Cucumber Intro


“What’s so great about Cucumber compared to other acceptance testing solutions?

  • Cucumber scenarios are written using Gherkin, a simple syntax that makes it easy for customers to set out exactly what behaviour they want to see. Far from being tedious requirement documents, these set out in a simple and intuitive way what should happen once the application is complete. By requiring customers to think carefully about what they want and get it down in writing, you can ensure the customer has a good idea what they want before you write any code, making it much less likely they’ll turn around afterwards and say “No, that’s not what we want”. This, more than anything, is for me the true power of Cucumber – it allows customers and developers to easily collaborate to set out what the web app will do, and gets you automated tests into the bargain as well.
  • Because Cucumber is packaged as a Ruby gem, it’s easy to install it and any other Ruby modules it may require.
  • You can use Capybara to test your web app. Capybara is a very handy Ruby gem that allows you to easily interact with your web app, and it allows several different drivers to be used. If you don’t need JavaScript, for instance, you can use Mechanize for faster tests. If you do, you can use selenium-webdriver to automate the browser instead, and it will load an instance of Firefox and use that for testing.
  • It can also be used for testing RESTful web services. HTTParty is another handy Ruby gem that can be used for testing an API.”


  • common understood language using Gherkin
    • As you collaborate and clarify scenarios with the team and business owners, you also know that half of your automation effort is already done and even before coding begins.
  • Integrates with many tools and systems: Git, Jenkins, Selenium, Saucelabs, Jira, Confluence, so it bridges the gap between DEV and QA or Testers,…
    • It’s been integrated with GitHub, in order to follow the same structure and process as developers. This way “Tests are Tests” and therefore all reside in the same infrastructure. Everyone on the team can collaborate on all tests (unit/integration/… to functional/end-to-end tests).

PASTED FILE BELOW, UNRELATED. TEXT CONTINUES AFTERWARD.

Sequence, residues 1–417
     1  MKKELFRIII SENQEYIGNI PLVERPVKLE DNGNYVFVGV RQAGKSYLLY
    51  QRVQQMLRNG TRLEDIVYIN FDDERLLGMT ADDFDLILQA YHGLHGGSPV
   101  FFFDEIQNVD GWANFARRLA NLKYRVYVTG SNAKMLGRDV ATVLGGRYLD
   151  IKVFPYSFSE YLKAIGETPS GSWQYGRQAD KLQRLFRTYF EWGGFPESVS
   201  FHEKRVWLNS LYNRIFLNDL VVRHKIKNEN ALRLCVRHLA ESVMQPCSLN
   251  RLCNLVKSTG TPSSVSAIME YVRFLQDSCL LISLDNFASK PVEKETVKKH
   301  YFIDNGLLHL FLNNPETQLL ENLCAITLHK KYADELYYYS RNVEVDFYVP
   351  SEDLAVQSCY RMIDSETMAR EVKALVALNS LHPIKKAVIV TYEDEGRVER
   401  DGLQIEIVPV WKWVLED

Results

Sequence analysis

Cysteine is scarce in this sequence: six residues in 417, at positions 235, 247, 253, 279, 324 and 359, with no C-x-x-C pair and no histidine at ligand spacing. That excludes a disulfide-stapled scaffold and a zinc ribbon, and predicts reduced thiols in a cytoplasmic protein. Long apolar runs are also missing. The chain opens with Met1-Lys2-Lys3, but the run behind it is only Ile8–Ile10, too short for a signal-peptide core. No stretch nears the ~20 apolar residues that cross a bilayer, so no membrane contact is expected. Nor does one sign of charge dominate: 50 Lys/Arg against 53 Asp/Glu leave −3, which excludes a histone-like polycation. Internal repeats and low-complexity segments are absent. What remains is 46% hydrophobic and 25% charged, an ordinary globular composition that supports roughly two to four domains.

• you can have coverage and test reports in Jenkins, you can plugin the scenarios in Confluence to have living documentation.

As with any automation testing frameworks, maintenance and keeping tests up to date is key.

But one BIG plus is that the Scenarios written in Gherkin mentioned above are ALSO your living documentation of what the feature does, so you never have to worry about cleaning old test cases or wondering if a test is still valid. 🙂 and you can (with the help of plugins), display the features and scenarios and test results in a wiki.

AND… it fits in very well in AGILE!

Here is a sample Agile workflow with some tooks that works;

  1. Stories are presented and defined in JIRA
  2. Stories get clarified using Gherkin / Cucumber Scenarios – Given/When/Then
  3. Gherkin scenarios are then linked to/from GIT repo for version control
  4. Stories are assigned to dev and fine-tuned
  5. Scenarios can be fine-tuned in GIT as well
  6. Automating the steps of the Scenarios can begin!
  7. Automation tests pass or fail depending on progress of development of code (Git hooked up with Jenkins, you can also automate the process of running the tests at intervals or date/time or when new code is pushed)
  8. When stories is done, your automation tests pass and you are also done. Wahoo!
  9. automated steps can then be reused for future scenarios, so you don’t have to repeat.
  10. If a scenario needs to change, you change existing scenario without having to rewrite a whole new test case or automation script.


Testing works best with a two-layer combination of end-to-end tests (e.g. Cucumber) that prove you’re building the right thing, and low-level unit tests (e.g. RSpec) that prove you’re building the thing right. These tests are for different audiences and so suit different tools.


excerpt from:

Acceptance Tests Don’t Have to Be End-to-End Tests

Just because you’re using Cucumber, doesn’t mean you have to run an end-to-end test. Cucumber is for documenting behaviour that non-technical people care about. If you know that behaviour is implemented in a single class in your application, then why fire up a browser? You can hit that class directly.

Writing Cucumber scenarios together is a great way to build a team’s share understanding of the problem domain. When you have a scenario written, and everyone agrees you want that behaviour, it’s time to ask an important question:

What’s the best way to test this scenario?

If the technical perspective says that you can test this behaviour with a fast unit test, yet the business folks want it to remain as a Cucumber scenario, you have three options:

  1. Suck it up, and write another end-to-end test
  2. Wire up an acceptance test that connects directly to your domain model (see above)
  3. Convince the business folks to trust you, and write it as a unit test